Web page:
"Wonderful?" Gangrel scoffed, taking a few steps closer to her—careful to not be so close that he could look over the edge of the wall. "The only wonderful thing about winter in Plegia is the rain. Only time of year decent crop comes in."

"So different..." Nisha murmured. "I suppose if every place were the same, then travelling would be nowhere near as exciting. But somehow, no matter where I am in the winter, I just love to take walks through the snow, or go on sleigh rides through the different winter wonderlands. During the day, when the light shines just right, the icicles look like diamonds, and everything sparkles in such a...pure, transcendent way."

Her voice was sad as she finished it, as if the thought were too beautiful to bear. Gangrel took another step forward, his eyes riveted on the tactician, determined to avoid looking down. Her cloak rippled, her hair swaying in the wind, and he saw her twisting her hands in a stressed manner he recognized. Without really knowing why, he reached out and took her hand in his, gently guiding her away from the edge. Automatically, as if some other force other than their wills were commanding them, Gangrel rested his hand on her waist and Nisha lightly laid her palm on his shoulder.

"You dance?" she inquired. Gangrel smirked wryly.

"Perfectly," he replied.

Nisha smacked him lightly on the side of the head.

"I thought we agreed on complete and total honesty," she reminded him. The trickster shook his head, but corrected himself.

"Not well," he admitted. "What I know was beaten into me by the finest dance masters in Plegia. Perhaps one day I'll show you the scars."

Nisha's brow furrowed for a moment, but the expression vanished as the trickster began to guide her in a simple dance. It was a silent night all around as the pair moved together across the parapet. For a single moment, Gangrel could have sworn that the world fell into place all around them. This was simply right, natural as breathing. But the distance between them bothered him.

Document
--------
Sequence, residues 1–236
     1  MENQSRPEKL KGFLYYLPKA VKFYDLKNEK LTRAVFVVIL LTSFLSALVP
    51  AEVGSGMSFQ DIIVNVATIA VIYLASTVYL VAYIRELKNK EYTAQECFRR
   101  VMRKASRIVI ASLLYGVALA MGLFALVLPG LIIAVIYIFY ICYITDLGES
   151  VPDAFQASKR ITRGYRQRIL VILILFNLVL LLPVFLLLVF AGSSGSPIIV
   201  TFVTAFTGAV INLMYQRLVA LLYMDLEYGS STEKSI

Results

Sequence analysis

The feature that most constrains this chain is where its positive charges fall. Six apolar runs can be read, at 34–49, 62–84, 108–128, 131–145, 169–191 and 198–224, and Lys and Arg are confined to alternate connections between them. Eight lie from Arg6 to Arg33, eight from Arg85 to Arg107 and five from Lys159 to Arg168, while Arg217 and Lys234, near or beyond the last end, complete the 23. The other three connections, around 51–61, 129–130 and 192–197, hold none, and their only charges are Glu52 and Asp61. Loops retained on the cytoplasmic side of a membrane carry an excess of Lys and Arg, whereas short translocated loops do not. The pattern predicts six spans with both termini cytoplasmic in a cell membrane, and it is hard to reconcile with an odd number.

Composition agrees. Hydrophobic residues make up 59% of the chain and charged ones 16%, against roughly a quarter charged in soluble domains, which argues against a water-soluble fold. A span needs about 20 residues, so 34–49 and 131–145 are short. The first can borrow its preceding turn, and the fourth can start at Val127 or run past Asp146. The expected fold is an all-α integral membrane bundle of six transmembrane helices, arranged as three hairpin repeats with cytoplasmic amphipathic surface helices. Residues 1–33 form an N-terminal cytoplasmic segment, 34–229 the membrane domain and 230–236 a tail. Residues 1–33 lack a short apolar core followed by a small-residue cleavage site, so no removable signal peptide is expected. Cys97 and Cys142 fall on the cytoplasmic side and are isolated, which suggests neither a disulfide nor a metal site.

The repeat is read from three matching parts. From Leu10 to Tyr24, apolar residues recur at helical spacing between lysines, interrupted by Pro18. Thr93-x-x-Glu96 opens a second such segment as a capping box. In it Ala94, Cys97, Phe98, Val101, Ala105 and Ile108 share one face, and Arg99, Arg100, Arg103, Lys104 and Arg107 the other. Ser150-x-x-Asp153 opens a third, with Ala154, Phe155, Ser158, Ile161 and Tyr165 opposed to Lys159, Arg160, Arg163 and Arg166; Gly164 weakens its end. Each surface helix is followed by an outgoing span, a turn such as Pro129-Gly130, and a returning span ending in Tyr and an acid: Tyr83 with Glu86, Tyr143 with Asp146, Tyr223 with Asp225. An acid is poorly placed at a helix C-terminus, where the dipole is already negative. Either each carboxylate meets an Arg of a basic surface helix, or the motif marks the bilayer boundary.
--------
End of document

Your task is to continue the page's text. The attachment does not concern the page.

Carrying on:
As Nisha came back in from a slow twirl, she came closer than she had been throughout the entire night. Before she could correct this, the Mad King replaced the hand holding her waist, his grip tighter than before, holding her nearly against him. Her eyes flickered upward to meet his, her gaze worried. Gangrel did not move his hand, but smiled lightly to reassure her. The concern faded from her face, but she did not look away.

Her eyes were dark as the sky, and the stars shone through the midnight clear. The beauty was stunning, and Gangrel found himself speechless. The world had all but faded from notice, but the Mad King was certain that there was nothing but peace on earth as long as she was there.

"What is that song?" Nisha suddenly asked, and Gangrel realized he'd been humming unconsciously. He cast his mind around, trying to remember what song he hadn't realized had entered their dance.

"It's a winter festival song," he explained. "I don't remember the words, but it's an old legend about three kings from far away lands who came to Plegia. Don't ask me what they were looking for; I don't know."

Nisha laughed quietly, ducking her head. Their bodies were so close, her forehead nearly rested on his chest. Gangrel wanted nothing more than to tighten his embrace, hold her close like there was no tomorrow. But when she pulled away, he did not stop her. He did keep his hand around hers, however; he felt a sudden urge he could not deny.

Nisha looked into his eyes, her gaze wary, uncertain. Gangrel did not release her, but slowly raised her hand and allowed his lips to gently brush against the back of her hand. Only then did he let her slide her fingers from his and fully free herself from his grasp. Nisha turned her back to him, hugging herself against the wind.

"Even...even now?"she asked, her voice trembling ever so slightly. Gangrel did not even flinch as the frigid winter wind struck him.

"Always," he replied. "But I can wait. I'll wait as long as you ask me to."

The tactician stayed facing away from him for what felt like a small eternity. When she finally turned around, her cheeks were pink, whether from cold or embarrassment he couldn't be sure. She looked up at him and smiled a half-smile.

"Your nose is red," she commented. "Cold?"

"Frozen," Gangrel informed her. Nisha laughed and reached out for his hand. As she lead him off the parapet, sudden words entered his mind, the words of the song he'd been humming but a few minutes ago: O star of wonder, star of night, Star of royal beauty bright, Westward leading, still proceeding, Following yonder star.

Nisha is the star, Gangrel thought as she brought him down into the fort. And all I can do is follow her.

It sounded almost like captivity or slavery. But at the same time, it didn't feel terrible in the least. The world was being twisted upside down and backwards, and Gangrel simply didn't care. Nisha was here and that was all that mattered.